The sun was still high over the trees when I arrived to pick up my children from daycare. My youngest, Sierra, was playing outside in the toddlers’ playground. She came running toward the fence gate as I approached. As she drew close, her smile widened and her tongue pushed out just a hint, sandwiched between her upper and lower teeth. Dimples deep, her eyes crinkled and sparkled. I loved that grin.

Sierra’s teacher, Miss Jane, greeted me with a knowing glance. It was a treat for my kids to get picked up this early. As we talked, and without looking down, Miss Jane tugged at the fence latch to open the gate. The hinge tended to stick, so when Miss Jane hit some resistance, she tried again with more force. Then she tried a third time yanking it even harder. Success!

Miss Jane grinned in her mastery over the sticky gate, but as the gate swung open, Sierra’s smile faded into fear. She stood motionless with a cry stuck silent in her throat as she grabbed her hand. Blood drained onto her pastel striped sundress, dripping onto her sneakers and into the grass. I was confused and hurriedly examined her hand, her finger, then glanced over and noticed blood on the gate latch.

Just shy of 26 months old, the tip of my toddler’s index finger was whacked off.  The slivering occurred with her daycare teacher and me standing inches from the appendage, on opposite sides of a play yard fence. Apparently, it was a quick hatchet job. There was no time for my Sierra to react until the top of her tiny digit hung loose on the metal latch.

A tiny finger. An even tinier slice. Just tissue. No bone. A traumatic injury in the eyes of both ‘copter mom and teacher. But any ordeal is a matter of perspective. Her 4 year old brother said  “Ummm, she needs a band-aid,” then turned away to play with a friend.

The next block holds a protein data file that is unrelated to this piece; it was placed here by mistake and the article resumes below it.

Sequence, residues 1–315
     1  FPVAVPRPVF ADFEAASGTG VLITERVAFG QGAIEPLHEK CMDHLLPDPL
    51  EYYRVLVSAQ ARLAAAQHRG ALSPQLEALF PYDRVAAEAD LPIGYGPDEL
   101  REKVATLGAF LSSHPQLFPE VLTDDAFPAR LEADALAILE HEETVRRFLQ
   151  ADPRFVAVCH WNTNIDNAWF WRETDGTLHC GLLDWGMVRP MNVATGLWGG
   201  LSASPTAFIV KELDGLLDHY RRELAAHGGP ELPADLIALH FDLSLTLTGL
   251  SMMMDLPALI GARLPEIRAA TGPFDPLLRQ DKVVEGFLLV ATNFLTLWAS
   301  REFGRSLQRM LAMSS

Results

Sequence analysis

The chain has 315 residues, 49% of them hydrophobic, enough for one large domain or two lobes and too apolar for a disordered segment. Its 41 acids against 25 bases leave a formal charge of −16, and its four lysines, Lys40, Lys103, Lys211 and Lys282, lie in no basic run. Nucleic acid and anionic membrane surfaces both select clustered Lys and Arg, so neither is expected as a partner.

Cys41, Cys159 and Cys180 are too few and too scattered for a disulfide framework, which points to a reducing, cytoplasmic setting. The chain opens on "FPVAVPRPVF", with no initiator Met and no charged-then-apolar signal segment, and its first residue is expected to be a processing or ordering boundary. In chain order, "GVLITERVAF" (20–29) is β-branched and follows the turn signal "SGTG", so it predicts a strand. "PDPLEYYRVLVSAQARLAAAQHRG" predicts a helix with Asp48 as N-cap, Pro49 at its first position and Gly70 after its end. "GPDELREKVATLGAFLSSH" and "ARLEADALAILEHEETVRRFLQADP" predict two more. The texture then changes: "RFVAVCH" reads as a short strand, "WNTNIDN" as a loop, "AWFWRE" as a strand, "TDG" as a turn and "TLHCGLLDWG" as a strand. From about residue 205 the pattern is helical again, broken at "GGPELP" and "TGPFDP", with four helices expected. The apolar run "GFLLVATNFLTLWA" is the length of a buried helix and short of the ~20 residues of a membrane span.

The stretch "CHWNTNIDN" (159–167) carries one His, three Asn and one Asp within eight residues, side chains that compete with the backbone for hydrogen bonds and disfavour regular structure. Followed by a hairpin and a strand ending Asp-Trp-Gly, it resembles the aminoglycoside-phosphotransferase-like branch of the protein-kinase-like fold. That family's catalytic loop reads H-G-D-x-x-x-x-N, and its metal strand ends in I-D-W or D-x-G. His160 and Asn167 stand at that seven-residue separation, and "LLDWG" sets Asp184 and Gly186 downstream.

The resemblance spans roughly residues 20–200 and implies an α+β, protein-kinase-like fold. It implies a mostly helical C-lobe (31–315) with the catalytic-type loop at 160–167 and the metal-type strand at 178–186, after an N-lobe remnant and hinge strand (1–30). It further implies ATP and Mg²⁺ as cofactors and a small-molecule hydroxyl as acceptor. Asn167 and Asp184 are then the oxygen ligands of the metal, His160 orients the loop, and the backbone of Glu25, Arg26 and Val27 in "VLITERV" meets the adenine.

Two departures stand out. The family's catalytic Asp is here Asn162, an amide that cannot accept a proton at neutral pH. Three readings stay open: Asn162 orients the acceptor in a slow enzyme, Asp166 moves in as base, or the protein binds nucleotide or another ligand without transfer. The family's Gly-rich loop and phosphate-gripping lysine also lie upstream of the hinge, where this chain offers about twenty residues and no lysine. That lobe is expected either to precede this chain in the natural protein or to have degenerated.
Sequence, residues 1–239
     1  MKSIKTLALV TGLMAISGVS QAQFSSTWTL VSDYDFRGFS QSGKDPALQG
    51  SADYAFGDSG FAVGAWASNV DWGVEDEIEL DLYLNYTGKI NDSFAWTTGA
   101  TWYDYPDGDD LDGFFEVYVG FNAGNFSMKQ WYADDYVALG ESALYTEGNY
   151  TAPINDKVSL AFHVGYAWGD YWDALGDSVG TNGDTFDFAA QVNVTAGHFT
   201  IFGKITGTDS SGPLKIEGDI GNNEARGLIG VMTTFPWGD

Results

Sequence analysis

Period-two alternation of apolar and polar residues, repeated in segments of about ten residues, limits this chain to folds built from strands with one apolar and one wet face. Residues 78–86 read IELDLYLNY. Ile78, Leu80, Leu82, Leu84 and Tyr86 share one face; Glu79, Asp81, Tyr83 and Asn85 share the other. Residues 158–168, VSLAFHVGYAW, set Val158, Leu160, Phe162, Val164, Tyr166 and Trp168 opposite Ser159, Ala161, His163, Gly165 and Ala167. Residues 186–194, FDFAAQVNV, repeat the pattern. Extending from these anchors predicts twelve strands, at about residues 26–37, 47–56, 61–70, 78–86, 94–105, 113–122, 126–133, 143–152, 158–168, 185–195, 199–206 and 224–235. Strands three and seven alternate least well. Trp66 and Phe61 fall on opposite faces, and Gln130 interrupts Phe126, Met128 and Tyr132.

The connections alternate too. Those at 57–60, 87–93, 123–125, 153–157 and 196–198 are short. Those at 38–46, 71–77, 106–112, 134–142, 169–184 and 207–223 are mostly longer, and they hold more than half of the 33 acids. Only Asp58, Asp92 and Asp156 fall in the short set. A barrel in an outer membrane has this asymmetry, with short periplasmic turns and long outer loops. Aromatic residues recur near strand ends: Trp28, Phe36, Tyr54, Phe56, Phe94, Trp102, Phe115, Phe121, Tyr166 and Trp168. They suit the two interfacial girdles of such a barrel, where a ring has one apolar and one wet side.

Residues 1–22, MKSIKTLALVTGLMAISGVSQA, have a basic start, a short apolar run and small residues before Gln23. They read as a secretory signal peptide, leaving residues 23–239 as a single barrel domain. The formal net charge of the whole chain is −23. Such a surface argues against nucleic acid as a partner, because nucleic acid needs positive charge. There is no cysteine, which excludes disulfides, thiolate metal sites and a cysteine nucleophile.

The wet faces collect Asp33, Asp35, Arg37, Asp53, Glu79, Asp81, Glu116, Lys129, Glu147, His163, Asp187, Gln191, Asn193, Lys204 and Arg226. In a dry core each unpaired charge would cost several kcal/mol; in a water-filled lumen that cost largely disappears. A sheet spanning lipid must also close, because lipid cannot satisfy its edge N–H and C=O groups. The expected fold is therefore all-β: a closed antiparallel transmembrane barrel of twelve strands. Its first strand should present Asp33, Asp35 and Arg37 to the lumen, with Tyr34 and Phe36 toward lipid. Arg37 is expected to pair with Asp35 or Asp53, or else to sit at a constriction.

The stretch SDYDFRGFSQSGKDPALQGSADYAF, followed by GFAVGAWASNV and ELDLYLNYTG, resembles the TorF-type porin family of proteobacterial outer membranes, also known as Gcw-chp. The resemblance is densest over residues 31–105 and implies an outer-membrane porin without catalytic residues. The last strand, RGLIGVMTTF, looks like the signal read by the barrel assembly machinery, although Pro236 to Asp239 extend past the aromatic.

Gate latch for post
The gate latch looked something like this one.  A simple push up on the handle to release. But this latch won’t open when the hole is filled with a combination padlock, or a curious toddler’s finger.

Plucking the severed chunk of fingertip from the fence, my medivac instincts flew us to the hospital where we waited patiently until the plastic surgeon declared reattachment unsuccessful. The surgeon followed her finger’s recovery over the following weeks and months, attempting to reduce scarring and nudge healing. Eventually the wound closed – her fingertip and nail reshaped in slightly different form, but was unnoticeable to most people. 

To ensure my children received the highest quality care, I drove 40 minutes round trip to the daycare, before making another 50 minute commute to work. We try our best to protect our children, but accidents happen. No amount of additional hovering could protect my baby … she was a curious one, her finger found that hole intriguing.

Curious children find accidents (sometimes it seemed as though Sierra would test all nine of her lives before entering kindergarten). In all, the finger hacking ranked just slightly more traumatic than an incident a year later when she fell off a step biting her tongue almost in half, and slightly less traumatic than several years later when she fell while jumping on a bed slicing her head on the dresser corner.

Finger Hack, grown up
Sierra’s index finger on her wedding day –  fully functional though slightly deformed. Her curiosity  remains fully intact.

A medivac helicopter parent can be useful yet over bearing during accidents.  I tried to remain composed, but still wonder if the hospital personnel thought I overstepped by insisting the plastic surgeon be called for a toddler’s finger. If I over-hovered with the hospital requests, I tried my best to remain calm and nonchalant in Sierra’s presence.

A severed finger is more extreme than most of us face on a day-to-day basis. A child feeds on our energy and emotion. If you rush in making a big deal out of a situation, hurt or not, the child will be upset. You might enjoy rescuing him after a fall and calming him down – after all you feel useful and needed when that happens – but those actions teach your child that falls require your love and intervention to overcome. Children are not well served by adult overreactions to minor accidents.  Even a toddler needs to learn how to pick himself up and move on after a tumble.

When the finger chop occurred, my heart raced wildly but I tried to remain calm. On. The. Outside. When we left the hospital, my tipless toddler was smiling, pointing at the world with her bandaged finger, curiosity intact.

* Curious about how the daycare handled the aftermath? The daycare fence gate was permanently locked after the slicing, with pickup and visitation procedures modified to accommodate. Everyone was then required to enter the play yard from inside the building, an extra step requiring more time and energy on pickup. Some parents were disenchanted with the new policy, assuming I overstepped and complained. I’m sure they thought I was a helicopter parent. I readily acknowledge that my child’s fingertip removal forced the change, but not by my intervention.